Duke vs. UCF: Zion Williamson faces huge test in NCAA Tournament against 7-foot-6 Tacko Fall

COLUMBIA, S.C. -- When Duke and UCF take the floor Sunday with a spot in the Sweet 16 on the line, the collision of storylines is going to be larger than life, and the magnitude of the matchup could not be better represented than the showdown of the building's two larger than life stars, Zion Williamson and Tacko Fall. 

Williamson's star shines the brightest but Fall is the star that literally is the largest. The 7-foot-6 center has worked hard on his health and fitness throughout his career to be in top shape for this tournament run, helping lead the Knights to their first NCAA Tournament appearance since 2005 and the program's first-ever NCAA Tournament win at the Division I level. In Friday night's win against VCU, Fall had 13 points, 18 rebounds and five blocks in 28 minutes of action. 

After the game, Fall made headlines with his declaration that he would not allow Zion to dunk on him, noting that he did not want to be a part of the highlight reel for a player who has become must-see TV for his frequency of highlight-worthy dunks.  

When given a chance to respond, Zion laughed at the idea of smack talk. 

"What was he supposed to say?" Williamson initially asked, while teammate R.J. Barrett rolled his eyes at the media's efforts to generate prize fight-like hype for Sunday's game. 

Tale of the tape: Zion Williamson vs. Tacko Fall

Zion Williamson

Tacko Fall










Spartanburg, SC


Dakar, Senegal


Points per game



Rebounds per game



Field Goal Percentage


1.8  Blocks per game 2.6

"He is a very unique player, and I got a lot of respect for him because for him to be that size and be able to move the way he does and have as much skill as he does, he's a great player," Wiliamson said on Saturday. "I think we're just going to have to come together as a team and figure out what we're going to do to try to stop him."

While Williamson has been a basketball prospect for much of his life, choosing the hardwood over football at a young age, Fall, on the other hand has only been playing basketball competitively for less than a decade.

Both Duke coach Mike Krzyzewski and UCF coach Johnny Dawkins agree on one thing with their larger than life superstars: there's plenty of development left. Coach K has frequently returned to the idea that not only Zion but this entire freshman class -- R.J. Barrett, Cam Reddish, Tre Jones -- are in the infancy of becoming the fully-formed players and men they will be after they leave Duke. He takes the approach of conductor, trying to set each of them up in a position to succeed as a team while knowing the raw talent and potential might exceed the contributions during this pressure-packed season in pursuit of a championship.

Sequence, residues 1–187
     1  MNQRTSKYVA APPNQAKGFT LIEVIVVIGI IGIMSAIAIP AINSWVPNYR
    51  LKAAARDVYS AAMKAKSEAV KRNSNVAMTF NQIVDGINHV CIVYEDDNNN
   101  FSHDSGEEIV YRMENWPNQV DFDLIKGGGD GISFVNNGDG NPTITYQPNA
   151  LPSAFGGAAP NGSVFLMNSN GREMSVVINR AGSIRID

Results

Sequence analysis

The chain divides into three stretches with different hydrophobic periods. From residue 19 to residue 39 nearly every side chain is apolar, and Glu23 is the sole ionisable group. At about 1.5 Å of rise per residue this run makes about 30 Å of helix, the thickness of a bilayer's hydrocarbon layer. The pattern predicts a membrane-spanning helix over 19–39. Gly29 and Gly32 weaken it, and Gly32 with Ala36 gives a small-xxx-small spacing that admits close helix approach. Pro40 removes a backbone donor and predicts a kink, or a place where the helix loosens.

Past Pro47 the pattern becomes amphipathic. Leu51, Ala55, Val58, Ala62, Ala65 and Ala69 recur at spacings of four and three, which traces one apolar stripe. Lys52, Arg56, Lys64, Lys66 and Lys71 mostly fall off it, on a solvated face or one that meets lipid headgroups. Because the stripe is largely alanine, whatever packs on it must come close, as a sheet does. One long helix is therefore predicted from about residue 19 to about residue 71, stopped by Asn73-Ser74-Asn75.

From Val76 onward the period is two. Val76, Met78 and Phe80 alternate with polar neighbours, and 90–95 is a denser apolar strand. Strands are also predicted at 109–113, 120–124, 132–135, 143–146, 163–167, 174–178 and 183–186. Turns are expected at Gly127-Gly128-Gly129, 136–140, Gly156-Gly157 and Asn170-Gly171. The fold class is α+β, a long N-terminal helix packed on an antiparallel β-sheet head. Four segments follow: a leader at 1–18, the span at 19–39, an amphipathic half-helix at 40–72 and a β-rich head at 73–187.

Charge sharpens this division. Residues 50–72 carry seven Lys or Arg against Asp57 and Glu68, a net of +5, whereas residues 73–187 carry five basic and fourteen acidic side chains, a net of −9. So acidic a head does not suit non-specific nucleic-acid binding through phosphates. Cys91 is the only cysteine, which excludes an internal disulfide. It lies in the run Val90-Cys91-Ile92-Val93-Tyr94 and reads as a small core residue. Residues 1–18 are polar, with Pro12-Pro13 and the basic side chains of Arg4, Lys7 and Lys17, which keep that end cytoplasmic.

Dawkins won't commit to a particular pro future for Fall, but he is adamant that there is still an upside that has not yet been reached.

"I hear the game has changed and his style of play no longer exists, but when you have a player like Tacko Fall with his personality, with who he is, in any community, he'll be one of the best people you'll ever have in the community," Dawkins said. "You want guys like that around. I know I would as a teammate or in that locker room. 

"I see him playing on the highest level. I don't know how and what path he's going to take, but at 7-6, 300, still has a huge upside in this game because he does. He's gotten even better this year. Throughout the season, I've seen improvement. I see him playing at the next level, and I think that's something he can accomplish because of his ability on and off the court."

Zion of course has seen players close to Tacko's altitude, facing Florida State center Christ Koumadje twice this season. The Seminoles' center, at 7-4, 269 pounds, didn't get much of a look at Williamson in the first meeting because the Duke star left the game in the first half after getting poked in the eye. Williamson played all 40 minutes of the ACC Tournament championship against Florida State, but Koumadje played only nine minutes in that game -- it should be noted Koumadje averaged about 15 minutes per game this season -- scoring four points and grabbing three rebounds.

"They're both big teams, but they play different styles, Krzyzewski said. "But I think it's helped playing against Koumadje, but Fall is stronger, bigger, and they go to him more, and he really just takes up the paint. He does a great job." 

The meeting of star bigs will have the nation tuning in, but both players were adamant in distancing themselves from the one-on-one hype given the stakes for both teams. There are more than two players on the court, but when contact is made between Zion and Fall at the rim on Sunday afternoon there will be at least a split second where everyone will hold their breath in anticipation for the result. 

Duke plays UCF at 5:15 p.m. ET on Sunday on CBS, with the winner advancing to Washington, D.C. for the East Regional semifinals next week. 

CBS Sports Writer

Chip Patterson has spent his young career covering college sports from the Old North State. He's been writing and talking about football and basketball for CBS Sports since 2010. You may have heard him... Full Bio

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